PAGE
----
Any device that uses USB only needs 5V. What will vary is the amount of current it would like to have for charging. The more current that is available the faster the battery will charge. In the case of the iPad 2 it will charge on only 500mA to 1A. The problem is it can't charge and be used at those low amperage since the device can pull more then that under normal usage. The new design with the proposed regulator will not need any kind of toggle switch.

Something to keep in mid is if the main supply feeding the regulator only offers 1A you won't have a full 1A available on the output side.

"In the case of the iPad 2 it will charge on only 500mA to 1A."
Actually the iPad 2 charges at 5V @ 2.1A...

"Something to keep in mid is if the main supply feeding the regulator only offers 1A you won't have a full 1A available on the output side."
Is this is trade off from the regulator thingys in the circuit?
How much will the main supply need to feed if i want an output of 2.1A max?

Yes the charger that comes with the iPad is a 5V 2.1A charge but the unit will still charge with 5V @ 500mA, it just charges very slowly. The unit is able to charge on a regular USB port which only offers up to 500mA, but you have to keep the unit off or in standby otherwise it won't charge at all.

This is from the Apple Support Page:

Charging Tips

The fastest way to charge your iPad is with the included 10W USB Power Adapter. iPad will also charge, although more slowly, when attached to a computer with a high-power USB port (many recent Mac computers) or with an iPhone Power Adapter. When attached to a computer via a standard USB port (most PCs or older Mac computers) iPad will charge, but only when it's in sleep mode. Make sure your computer is on while charging iPad via USB. If iPad is connected to a computer that’s turned off or is in sleep or standby mode, the iPad battery will continue to drain.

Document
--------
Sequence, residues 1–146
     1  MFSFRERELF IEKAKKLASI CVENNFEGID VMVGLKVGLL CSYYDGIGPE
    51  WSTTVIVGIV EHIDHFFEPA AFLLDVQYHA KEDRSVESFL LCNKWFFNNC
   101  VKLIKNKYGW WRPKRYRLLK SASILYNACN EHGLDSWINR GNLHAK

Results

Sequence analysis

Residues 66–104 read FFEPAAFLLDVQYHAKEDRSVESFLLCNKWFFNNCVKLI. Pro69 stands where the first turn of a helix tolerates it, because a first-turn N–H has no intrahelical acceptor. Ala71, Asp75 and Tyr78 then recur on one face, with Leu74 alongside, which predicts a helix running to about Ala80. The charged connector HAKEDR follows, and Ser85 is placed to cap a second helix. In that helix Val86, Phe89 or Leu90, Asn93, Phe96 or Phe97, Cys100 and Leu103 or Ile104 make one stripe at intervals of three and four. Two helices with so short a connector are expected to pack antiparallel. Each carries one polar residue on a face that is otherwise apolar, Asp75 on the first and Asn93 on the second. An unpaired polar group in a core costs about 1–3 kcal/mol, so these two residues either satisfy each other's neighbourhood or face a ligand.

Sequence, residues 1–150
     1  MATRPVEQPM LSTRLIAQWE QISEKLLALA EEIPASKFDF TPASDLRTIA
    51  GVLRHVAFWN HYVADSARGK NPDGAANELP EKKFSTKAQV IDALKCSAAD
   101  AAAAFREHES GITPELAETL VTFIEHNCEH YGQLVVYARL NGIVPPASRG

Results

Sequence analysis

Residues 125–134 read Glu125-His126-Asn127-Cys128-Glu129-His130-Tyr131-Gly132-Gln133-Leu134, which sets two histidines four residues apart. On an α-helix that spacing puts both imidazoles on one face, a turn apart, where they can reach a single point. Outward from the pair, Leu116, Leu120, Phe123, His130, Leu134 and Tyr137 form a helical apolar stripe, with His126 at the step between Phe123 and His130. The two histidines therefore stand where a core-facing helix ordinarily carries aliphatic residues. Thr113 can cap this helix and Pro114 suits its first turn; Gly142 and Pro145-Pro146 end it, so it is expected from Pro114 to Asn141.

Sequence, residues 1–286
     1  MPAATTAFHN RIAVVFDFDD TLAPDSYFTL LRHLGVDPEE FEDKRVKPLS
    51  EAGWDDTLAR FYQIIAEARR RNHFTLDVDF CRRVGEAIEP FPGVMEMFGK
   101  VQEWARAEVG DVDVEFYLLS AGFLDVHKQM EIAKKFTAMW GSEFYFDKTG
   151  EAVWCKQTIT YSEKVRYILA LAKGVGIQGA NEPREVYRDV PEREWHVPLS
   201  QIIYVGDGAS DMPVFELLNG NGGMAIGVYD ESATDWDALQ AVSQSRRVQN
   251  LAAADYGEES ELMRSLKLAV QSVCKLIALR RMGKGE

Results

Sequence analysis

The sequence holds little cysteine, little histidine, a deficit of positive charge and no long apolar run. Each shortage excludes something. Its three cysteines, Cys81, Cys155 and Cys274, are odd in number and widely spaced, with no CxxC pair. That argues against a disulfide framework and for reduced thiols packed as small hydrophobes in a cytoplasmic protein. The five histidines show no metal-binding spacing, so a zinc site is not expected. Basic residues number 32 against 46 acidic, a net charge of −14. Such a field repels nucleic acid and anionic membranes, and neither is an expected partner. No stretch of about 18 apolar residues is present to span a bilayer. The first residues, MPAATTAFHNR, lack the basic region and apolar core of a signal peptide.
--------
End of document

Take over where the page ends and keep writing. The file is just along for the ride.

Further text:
This project as it currently stands uses the 7805 which is only capable of up to 1A output. So it doesn't matter if you put a 4A or a 10A supply on it the regulator will only draw what the output needs, up to 1A, and no more. I haven't had a chance to look at the recommended regulator for the improved version of this. So i'm not familiar with it's specs. I just haven't had time to revisit this project and see how everything will work out. 

A very long question for a very short answer:
You don't need to "reduce a DC current's AMPs".

2- From a standard USB socket, I say that most things charge anyway regardless of the data lines.


1. Could you care to explain why i don't have to reduce the amps?

2. Are you certain? Because if i know for a fact that iphones & ipods won't charge unless a certain voltage is sent between the data pins, but i'm not sure about other normal devices.

As you said devices will only draw the amount needed.

2 With the number of USB sockets about, including e.g. cars, I assume that for charge-only most devices just use the power (data serves no purpose for charging).


Most chargers now have circuitry to check the temperature of the batter, monitor and control the charge rate and turn off the charging when the battery is full.

On nicad batteries not having this smart charge circuitry just means shortened battery life.  On some of the more exotic battery chemistry it is much more serious.  Check out this clip before you decide to build a battery charger. 

Yea, thats one of my main concerns about this which is why i don't want to play around with allowing my devices the extra amps.

I opened up 2 of the devices and 1 is a Li-ion and the other is a Li-Polymer Battery, Are these 2 dangerous?

Yes, if not charged and even discharged correctly. There are numerous youtube vid's showing them catching fire by overcharging, shorting etc. They are safe is charged by the provided charger and used for the purpose intended and unsafe when abused.